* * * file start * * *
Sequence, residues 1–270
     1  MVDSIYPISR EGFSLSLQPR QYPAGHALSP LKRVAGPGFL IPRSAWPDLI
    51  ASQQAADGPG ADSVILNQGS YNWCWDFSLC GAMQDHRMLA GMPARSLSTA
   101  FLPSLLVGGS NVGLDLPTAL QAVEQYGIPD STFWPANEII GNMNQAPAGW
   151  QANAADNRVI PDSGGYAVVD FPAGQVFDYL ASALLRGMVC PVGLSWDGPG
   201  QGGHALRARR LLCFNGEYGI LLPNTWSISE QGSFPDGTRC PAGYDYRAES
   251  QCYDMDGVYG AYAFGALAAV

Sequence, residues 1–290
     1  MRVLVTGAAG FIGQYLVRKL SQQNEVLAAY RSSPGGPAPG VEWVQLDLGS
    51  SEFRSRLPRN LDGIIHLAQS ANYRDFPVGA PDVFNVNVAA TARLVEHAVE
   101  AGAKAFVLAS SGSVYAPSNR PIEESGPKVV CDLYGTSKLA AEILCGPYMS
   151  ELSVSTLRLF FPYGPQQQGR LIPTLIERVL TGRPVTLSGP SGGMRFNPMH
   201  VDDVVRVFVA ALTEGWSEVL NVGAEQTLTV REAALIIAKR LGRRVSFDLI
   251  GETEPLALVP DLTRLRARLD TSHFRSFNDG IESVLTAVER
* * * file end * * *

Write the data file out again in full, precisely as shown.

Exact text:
Sequence, residues 1–270
     1  MVDSIYPISR EGFSLSLQPR QYPAGHALSP LKRVAGPGFL IPRSAWPDLI
    51  ASQQAADGPG ADSVILNQGS YNWCWDFSLC GAMQDHRMLA GMPARSLSTA
   101  FLPSLLVGGS NVGLDLPTAL QAVEQYGIPD STFWPANEII GNMNQAPAGW
   151  QANAADNRVI PDSGGYAVVD FPAGQVFDYL ASALLRGMVC PVGLSWDGPG
   201  QGGHALRARR LLCFNGEYGI LLPNTWSISE QGSFPDGTRC PAGYDYRAES
   251  QCYDMDGVYG AYAFGALAAV

Sequence, residues 1–290
     1  MRVLVTGAAG FIGQYLVRKL SQQNEVLAAY RSSPGGPAPG VEWVQLDLGS
    51  SEFRSRLPRN LDGIIHLAQS ANYRDFPVGA PDVFNVNVAA TARLVEHAVE
   101  AGAKAFVLAS SGSVYAPSNR PIEESGPKVV CDLYGTSKLA AEILCGPYMS
   151  ELSVSTLRLF FPYGPQQQGR LIPTLIERVL TGRPVTLSGP SGGMRFNPMH
   201  VDDVVRVFVA ALTEGWSEVL NVGAEQTLTV REAALIIAKR LGRRVSFDLI
   251  GETEPLALVP DLTRLRARLD TSHFRSFNDG IESVLTAVER